Uncertainty over the Dakota Access Pipeline's future has oil producers in 'holding pattern'

The Dakota Access Pipeline is the major means used to transport oil produced in the Bakken region of North Dakota to an existing pipeline in Illinois which can take the oil to Texas and the Gulf of Mexico. Earlier this month a judge ordered the Dakota Access Pipeline to cease operating so that a new environmental review, which could take a year or more, could be conducted. Fortunately, the U.S. Court of Appears for the District of Columbia has issued a stay of that ruling, at least while the appeals court reviews it.


“The purpose of this administrative stay is to give the court sufficient opportunity to consider the emergency motion for stay and should not be construed in any way as a ruling on the merits of that motion,” the court said in the order…

North Dakota Republican U.S. Sen. Kevin Cramer hailed the order as “common sense.”

A decision from the appeals court could be coming soon but in the meantime, the uncertainty over the pipeline’s future has already put a damper on the return of oil production in Bakken shale region:

Oil producers in the Bakken, the second largest U.S. shale field, cut May output by about 500,000 barrels per day after U.S. prices tumbled in March on the heels of global coronavirus shutdowns.

They were slowly restarting some wells when the court ruled the region’s main pipeline must face a new environmental review that could halt its operation for a year…

Producers will not be willing to commit to reopening closed wells or drilling news ones “unless they know more” on the pipeline’s future, said Nicholas O’Grady, chief executive officer at Northern Oil and Gas Inc, which has invested in about 7,000 wells in North Dakota’s Williston Basin…

“Right now, we just don’t have all the information. We are in a holding pattern,” said J.R. Reger, whose company Iron Oil suspended drilling and completing new Bakken wells in March.


The pipeline isn’t the only option for moving oil from the Bakken region south. Producers can ship the oil by rail, but the cost of doing so is $3 to $6 more per barrel. And with the price of oil currently already slightly below the break even point for producers tacking on additional costs doesn’t make sense. So for now, the region is in a holding pattern waiting to see what happens with the pipeline.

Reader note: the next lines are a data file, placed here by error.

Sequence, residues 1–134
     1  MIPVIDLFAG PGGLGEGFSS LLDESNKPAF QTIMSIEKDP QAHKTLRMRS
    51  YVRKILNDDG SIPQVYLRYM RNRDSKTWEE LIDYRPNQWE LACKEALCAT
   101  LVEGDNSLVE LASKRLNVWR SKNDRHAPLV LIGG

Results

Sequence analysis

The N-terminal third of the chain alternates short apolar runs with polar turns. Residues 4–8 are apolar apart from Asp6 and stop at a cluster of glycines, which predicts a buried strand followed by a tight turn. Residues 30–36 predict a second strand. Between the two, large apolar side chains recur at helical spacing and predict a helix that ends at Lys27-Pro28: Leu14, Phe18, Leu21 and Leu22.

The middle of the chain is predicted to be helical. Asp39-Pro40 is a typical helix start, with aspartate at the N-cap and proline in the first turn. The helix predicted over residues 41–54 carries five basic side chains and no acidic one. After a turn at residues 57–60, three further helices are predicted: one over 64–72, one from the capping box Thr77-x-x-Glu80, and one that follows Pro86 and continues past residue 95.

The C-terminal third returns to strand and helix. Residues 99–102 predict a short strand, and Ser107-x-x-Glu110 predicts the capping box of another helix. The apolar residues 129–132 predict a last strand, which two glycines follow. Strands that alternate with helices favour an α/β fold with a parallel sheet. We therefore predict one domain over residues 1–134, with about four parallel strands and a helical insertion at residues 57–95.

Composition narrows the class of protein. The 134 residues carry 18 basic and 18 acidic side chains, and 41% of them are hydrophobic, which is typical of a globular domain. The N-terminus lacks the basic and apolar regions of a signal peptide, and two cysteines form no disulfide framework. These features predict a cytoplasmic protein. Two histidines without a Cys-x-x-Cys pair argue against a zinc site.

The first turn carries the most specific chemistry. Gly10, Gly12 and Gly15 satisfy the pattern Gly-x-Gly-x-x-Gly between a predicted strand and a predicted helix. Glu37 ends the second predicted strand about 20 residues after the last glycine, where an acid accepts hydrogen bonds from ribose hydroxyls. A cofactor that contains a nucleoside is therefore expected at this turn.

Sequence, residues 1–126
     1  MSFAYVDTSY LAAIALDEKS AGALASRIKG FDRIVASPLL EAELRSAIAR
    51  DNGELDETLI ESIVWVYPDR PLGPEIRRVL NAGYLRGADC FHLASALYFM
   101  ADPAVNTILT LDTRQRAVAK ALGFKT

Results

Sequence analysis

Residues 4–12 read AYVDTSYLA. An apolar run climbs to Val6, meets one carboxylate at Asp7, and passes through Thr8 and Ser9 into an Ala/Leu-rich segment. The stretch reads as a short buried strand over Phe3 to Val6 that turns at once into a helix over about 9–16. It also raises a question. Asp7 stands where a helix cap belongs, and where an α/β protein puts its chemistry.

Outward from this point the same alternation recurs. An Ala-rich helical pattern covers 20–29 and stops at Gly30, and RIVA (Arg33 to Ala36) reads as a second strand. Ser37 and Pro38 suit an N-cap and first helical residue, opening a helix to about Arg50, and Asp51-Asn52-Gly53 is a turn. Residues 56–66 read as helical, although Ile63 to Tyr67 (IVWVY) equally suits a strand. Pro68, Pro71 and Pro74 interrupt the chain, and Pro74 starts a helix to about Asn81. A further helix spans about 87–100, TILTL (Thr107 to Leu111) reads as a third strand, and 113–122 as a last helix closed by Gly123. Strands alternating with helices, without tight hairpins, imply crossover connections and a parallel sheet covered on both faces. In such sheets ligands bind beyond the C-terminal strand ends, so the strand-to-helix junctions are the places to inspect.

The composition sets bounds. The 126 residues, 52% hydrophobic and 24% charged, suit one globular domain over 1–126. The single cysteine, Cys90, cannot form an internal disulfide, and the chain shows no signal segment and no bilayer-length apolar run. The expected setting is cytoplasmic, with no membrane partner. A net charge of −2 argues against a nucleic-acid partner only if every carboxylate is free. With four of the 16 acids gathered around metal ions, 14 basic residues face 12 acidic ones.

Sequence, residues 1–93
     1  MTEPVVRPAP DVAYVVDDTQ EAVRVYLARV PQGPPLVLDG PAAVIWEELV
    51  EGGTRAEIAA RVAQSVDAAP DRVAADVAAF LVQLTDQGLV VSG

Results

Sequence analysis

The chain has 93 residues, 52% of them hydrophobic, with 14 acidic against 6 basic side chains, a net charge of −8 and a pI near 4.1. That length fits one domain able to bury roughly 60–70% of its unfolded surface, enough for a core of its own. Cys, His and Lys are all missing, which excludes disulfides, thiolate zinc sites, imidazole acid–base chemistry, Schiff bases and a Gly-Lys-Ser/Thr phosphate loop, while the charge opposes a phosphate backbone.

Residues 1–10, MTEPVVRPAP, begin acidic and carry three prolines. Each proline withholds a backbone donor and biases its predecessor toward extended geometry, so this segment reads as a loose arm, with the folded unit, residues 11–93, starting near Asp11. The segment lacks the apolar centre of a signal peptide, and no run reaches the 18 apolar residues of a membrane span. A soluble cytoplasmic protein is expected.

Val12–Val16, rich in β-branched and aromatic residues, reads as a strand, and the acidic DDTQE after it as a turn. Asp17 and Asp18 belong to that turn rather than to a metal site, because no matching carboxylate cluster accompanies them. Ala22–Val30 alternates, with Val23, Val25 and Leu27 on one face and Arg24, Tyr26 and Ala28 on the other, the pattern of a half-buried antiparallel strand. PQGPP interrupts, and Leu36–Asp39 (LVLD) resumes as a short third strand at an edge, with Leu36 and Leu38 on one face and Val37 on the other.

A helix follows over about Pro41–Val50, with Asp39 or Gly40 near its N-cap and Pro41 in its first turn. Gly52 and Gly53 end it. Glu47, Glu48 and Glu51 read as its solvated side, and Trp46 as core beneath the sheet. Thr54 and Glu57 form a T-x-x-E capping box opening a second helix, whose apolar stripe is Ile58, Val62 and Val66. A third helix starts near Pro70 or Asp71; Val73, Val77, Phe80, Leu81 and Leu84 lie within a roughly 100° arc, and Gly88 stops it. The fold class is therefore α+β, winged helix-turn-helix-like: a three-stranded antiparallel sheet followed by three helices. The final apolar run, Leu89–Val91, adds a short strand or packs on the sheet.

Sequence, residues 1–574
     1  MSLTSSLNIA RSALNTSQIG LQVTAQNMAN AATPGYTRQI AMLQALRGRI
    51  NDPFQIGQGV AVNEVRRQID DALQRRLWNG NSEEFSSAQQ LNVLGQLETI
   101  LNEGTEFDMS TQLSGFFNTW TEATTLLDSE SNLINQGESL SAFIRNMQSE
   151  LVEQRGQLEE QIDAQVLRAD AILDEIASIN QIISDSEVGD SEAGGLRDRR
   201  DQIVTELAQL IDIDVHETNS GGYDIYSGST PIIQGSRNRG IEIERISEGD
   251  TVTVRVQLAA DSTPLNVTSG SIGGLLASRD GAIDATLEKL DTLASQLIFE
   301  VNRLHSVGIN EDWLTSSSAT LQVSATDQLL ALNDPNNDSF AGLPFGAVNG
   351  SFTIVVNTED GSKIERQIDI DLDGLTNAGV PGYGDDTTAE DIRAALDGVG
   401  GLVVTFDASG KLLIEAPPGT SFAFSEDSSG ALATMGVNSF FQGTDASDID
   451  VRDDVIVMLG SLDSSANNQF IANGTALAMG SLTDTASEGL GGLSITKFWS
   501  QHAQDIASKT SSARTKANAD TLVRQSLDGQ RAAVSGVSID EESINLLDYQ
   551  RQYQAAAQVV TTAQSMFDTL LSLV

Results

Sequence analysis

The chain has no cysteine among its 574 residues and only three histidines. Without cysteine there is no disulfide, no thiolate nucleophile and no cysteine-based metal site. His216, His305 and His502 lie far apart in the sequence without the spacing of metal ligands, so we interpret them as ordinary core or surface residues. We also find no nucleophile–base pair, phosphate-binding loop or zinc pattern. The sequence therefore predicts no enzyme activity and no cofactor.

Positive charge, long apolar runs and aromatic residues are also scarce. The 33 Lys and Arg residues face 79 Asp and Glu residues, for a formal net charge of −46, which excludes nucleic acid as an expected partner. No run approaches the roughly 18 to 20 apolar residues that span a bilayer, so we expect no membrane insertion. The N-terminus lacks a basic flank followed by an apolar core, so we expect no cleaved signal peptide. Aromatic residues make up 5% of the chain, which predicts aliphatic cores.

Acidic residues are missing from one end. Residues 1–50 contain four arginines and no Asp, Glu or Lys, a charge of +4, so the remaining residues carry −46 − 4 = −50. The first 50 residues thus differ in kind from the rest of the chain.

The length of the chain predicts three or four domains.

But that’s not the only threat oil producers are facing. Rep. Alexandria Ocasio-Cortez, who was one of the people protesting the Dakota Access Pipeline before she became a congresswoman, has proposed an amendment which, if passed, would prevent the Army Corps of Engineers from issuing permits for pipelines crossing waterways:

An amendment Ocasio-Cortez proposed for the next budget bill would prohibit the nation’s main infrastructure-building agency from using federal money to issue permits under the Section 404 of the Clean Water Act “for the discharge of dredged or fill material resulting from an activity to construct a pipeline for the transportation of oil or gas.”

That would prevent the Army Corps from constructing, repairing or working on roughly 8,000 projects per year involving oil and gas pipelines that cross waterways…

Ocasio-Cortez’s amendment could, in theory, prevent the Army Corps from issuing a new permit to restart the 570,000-barrel-per-day pipeline once it’s drained. The Army Corps’s website lists the Section 404 permit among those for which the court required verification.


We’ll see if this goes anywhere but at the moment the future of the pipeline is in doubt and that is already having real consequences for the oil field it serves. Here’s a video published by Time about AOC’s trip to the Standing Rock protest camp and how it influenced her brand of far-left politics.

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